For Young Saudi Women, Video Games Offer Self-Expression : Parallels Saudi women gamers gather at an annual convention, dressing as their favorite characters and exercising freedoms they want to see more of in their lives.
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For Young Saudi Women, Video Games Offer Self-Expression

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For Young Saudi Women, Video Games Offer Self-Expression

For Young Saudi Women, Video Games Offer Self-Expression

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DAVID GREENE, HOST:

Let's just say it - you would not expect this scene in a conservative Muslim country. We're going to an annual convention for women video gamers in Saudi Arabia. The woman there are dressed as action heroes. Some consider this a more important step than the country's upcoming elections. Here's NPR's Deborah Amos.

DEBORAH AMOS, BYLINE: For young Saudis, life is conducted online, on phones and on gaming platforms. Here in a hotel ballroom, virtual reality meets real-life. This is GCON, an annual convention for young women who love video games and grew up playing them with their siblings. Some 3,000 showed up over the two-day event. Tasneem Salim is a cofounder of GCON. And she says games offer more than just play.

TASNEEM SALIM: We definitely do learn a lot from games. You'd be surprised how many people have picked up, you know, English and other languages just by playing games, languages as hard as Japanese.

AMOS: This is not the Saudi Arabia that most people know.

SALIM: No, it's not. It's definitely not. It's a side of Saudi Arabia that people rarely get to see, but it's real, and it exists. And here we are.

AMOS: There are more than two dozen PlayStations, and women are gathered around the consoles, furiously playing in pairs, sometimes singles. There's "Assassin's Creed." There's "Uncharted." There's "Need For Speed." All of these young women are dedicated gamers.

FELWA AL-SWAILEM: They call themselves geeks, so - (laughter) it's not...

AMOS: It's no embarrassment.

AL-SWAILEM: There's no embarrassment. Actually, I call myself a geek, too. I don't think it's a terrible thing.

AMOS: That self-described geek is Felwa al-Swailem, another cofounder of an event that encourages girls to aim for careers in science and computer programming. Here, many female college students outperform males in math, technology and engineering. And video games, the blockbusters from the U.S., Europe and Japan, opens young woman to a wider world.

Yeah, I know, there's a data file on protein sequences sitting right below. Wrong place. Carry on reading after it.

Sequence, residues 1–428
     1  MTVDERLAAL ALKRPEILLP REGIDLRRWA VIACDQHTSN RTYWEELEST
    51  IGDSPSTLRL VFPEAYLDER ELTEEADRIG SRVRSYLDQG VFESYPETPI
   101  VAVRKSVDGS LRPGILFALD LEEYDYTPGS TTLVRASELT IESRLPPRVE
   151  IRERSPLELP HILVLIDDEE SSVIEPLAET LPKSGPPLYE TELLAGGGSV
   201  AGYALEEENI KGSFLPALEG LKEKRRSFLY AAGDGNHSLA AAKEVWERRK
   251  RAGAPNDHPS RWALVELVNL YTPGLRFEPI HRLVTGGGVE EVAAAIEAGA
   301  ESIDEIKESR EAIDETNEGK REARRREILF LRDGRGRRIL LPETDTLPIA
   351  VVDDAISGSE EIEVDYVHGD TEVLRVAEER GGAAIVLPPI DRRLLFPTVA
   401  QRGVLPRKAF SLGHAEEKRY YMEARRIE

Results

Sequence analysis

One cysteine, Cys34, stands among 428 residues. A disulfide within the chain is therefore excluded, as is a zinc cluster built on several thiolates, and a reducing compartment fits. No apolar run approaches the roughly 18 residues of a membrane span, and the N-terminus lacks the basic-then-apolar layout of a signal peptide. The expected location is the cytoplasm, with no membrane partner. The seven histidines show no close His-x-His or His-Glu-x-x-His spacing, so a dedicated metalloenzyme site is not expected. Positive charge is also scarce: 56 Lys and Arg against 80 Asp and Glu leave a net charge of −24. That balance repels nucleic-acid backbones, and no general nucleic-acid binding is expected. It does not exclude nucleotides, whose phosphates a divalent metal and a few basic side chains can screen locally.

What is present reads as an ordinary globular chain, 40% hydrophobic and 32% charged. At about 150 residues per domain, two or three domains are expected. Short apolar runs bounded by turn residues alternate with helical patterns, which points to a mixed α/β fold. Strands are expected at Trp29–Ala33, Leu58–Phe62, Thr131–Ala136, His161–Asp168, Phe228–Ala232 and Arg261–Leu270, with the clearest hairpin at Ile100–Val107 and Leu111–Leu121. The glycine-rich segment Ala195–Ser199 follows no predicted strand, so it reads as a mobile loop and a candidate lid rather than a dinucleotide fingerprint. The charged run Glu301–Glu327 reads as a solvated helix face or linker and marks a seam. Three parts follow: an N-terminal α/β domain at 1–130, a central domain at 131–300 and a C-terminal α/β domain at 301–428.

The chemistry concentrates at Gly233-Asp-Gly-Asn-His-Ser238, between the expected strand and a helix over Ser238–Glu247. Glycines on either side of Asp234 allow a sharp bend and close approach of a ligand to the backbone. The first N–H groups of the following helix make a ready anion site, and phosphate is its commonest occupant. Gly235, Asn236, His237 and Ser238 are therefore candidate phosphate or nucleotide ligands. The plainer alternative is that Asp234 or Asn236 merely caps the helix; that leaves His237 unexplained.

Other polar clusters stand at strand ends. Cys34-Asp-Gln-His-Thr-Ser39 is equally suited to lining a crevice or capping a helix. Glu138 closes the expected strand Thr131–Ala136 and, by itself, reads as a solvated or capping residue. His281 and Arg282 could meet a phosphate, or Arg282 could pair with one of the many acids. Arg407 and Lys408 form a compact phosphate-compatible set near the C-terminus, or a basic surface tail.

AL-SWAILEM: You know, being a person like that, you're open to many things. You're open to a lot of cultures. And I think that's a positive thing.

AMOS: It's a striking thing to see an event that encourages such open self-expression. Some come dressed as their favorite game characters and creatures. The costumes are creative and elaborate. Silver wings, helmets, wigs of platinum cartoon hair. Behind closed doors in this all-female event, it's a stunning transformation from the traditional all-black cover ups that Saudi women must wear.

So you have on a black hat, big glasses, a mustache. Who are you?

NADA EL-MATBOLI: I'm Charlie Chaplin.

AMOS: And why?

EL-MATBOLI: Because I think he speaks with his actions more than words can do.

AMOS: Nada el-Matboli is a 26-year-old kindergarten teacher. She says she comes up for the cosplay - short for costume play - popular in the West, now embraced by female Saudi gamers, who don't have many outlets for creativity.

EL-MATBOLI: If you really like a character, you want to be that character. You want to feel that character. It's nice to be someone else for a day.

AMOS: This convention is a sign of dramatic change for a wired generation with soaring expectations. But technology only goes so far in a society that lacks political rights. Saudi Arabia is making a cautious first step this week, allowing women to campaign and vote in local municipal elections. By coincidence, the GCON convention opened on the day that campaigns began. But only a handful here said they registered to vote. Leila Abdulrathman is a 26-year-old game developer.

LEILA ABDULRATHMAN: It's a huge step. I'm not saying it's not. And I'm very happy for it. But the women's participation, I don't think it will be as much as we wanted. It will be restricted.

AMOS: But doesn't somebody have to take a first step?

ABDULRATHMAN: Yes. Yes, I believe in that. And when I believe that this first step is something, I will join.

AMOS: For her and the young women here, this gathering, this community is as important as the vote. Deborah Amos, NPR News, Riyadh.

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